Due to an unfortunate aligning of circumstances, SARMs have essentially become synonymous with shady black-market supplements that come with a looming danger of side effects and contamination.
While this sullied reputation is fundamentally misplaced, it is likely appropriate considering that SARMs have been recklessly misused by bodybuilders, everyday lifters, other athletes since the day they became available on the internet.
Withdrawing any judgement of the recreational and irresponsible misapplication of SARMs will allow you to see that this class of compounds, designed to provide similar benefits to anabolic steroids (without the rampant side effects), may actually hold promise to improve the quality of life experienced by people suffering from many debilitating degenerative diseases.
Once you dig into the research regarding this class of compounds, you realize that, although they certainly look promising, there is a current lack of research investigating their efficacy and safety in humans. Further confusion develops when you realize that SARMs is really a catch-all term for many different compounds that selectively act upon androgen receptors, and together they are an incredibly diverse and varied group. SARMs are designed to target individual tissues, so by their very nature they can have extremely varied and unique effects (and side effects) throughout the body. There is only one way to begin developing a fully informed opinion on SARMs and their potential benefits, and that is to start at the mechanistic level.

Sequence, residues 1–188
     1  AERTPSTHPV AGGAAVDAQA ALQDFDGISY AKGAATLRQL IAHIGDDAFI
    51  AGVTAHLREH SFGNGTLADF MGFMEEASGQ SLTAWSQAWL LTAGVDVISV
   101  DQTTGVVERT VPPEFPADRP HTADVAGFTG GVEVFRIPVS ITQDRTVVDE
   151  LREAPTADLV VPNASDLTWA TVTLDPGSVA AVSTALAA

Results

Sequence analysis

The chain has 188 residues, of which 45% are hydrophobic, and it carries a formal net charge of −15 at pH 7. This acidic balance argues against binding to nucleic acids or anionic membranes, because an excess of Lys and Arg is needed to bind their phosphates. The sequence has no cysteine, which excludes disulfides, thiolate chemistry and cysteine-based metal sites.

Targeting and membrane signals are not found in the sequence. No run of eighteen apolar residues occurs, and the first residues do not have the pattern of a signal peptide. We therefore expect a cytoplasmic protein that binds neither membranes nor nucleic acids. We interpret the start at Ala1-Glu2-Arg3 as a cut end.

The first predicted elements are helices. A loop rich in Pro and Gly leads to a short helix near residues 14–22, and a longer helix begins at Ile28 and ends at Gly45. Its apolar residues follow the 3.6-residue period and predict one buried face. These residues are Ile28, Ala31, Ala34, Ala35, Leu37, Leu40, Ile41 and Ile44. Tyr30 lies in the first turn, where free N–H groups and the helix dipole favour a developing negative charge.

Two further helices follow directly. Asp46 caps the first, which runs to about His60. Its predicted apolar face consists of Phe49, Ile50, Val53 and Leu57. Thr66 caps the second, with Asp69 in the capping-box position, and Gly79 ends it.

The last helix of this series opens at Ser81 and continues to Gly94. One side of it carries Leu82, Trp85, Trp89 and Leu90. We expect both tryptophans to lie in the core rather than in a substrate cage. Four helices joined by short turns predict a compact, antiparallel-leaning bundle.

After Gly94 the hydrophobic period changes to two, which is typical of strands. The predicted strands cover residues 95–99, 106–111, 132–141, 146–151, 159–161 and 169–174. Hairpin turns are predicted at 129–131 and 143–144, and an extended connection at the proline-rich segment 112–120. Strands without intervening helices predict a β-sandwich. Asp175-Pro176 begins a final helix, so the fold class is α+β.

SARMs are a class of therapeutic compounds with similar properties as anabolic agents, but with reduced androgenic (masculinizing) properties.
Developed primarily for the treatment of many conditions including hypogonadism, cancer, sarcopenia, and other muscle-wasting diseases, some SARMs (but not all) can be an incredibly effective tool for restoring function and improving quality of life for individuals suffering from these issues. Their “selective” title illustrates their ability to target extremely specific androgen receptors in particular tissues – hopefully turning those switches on, while leaving others turned off. By turning on androgen receptors in specific tissues, SARMs are able to exert similar effects to testosterone and other anabolic agents in that particular tissue, but (hopefully) not others.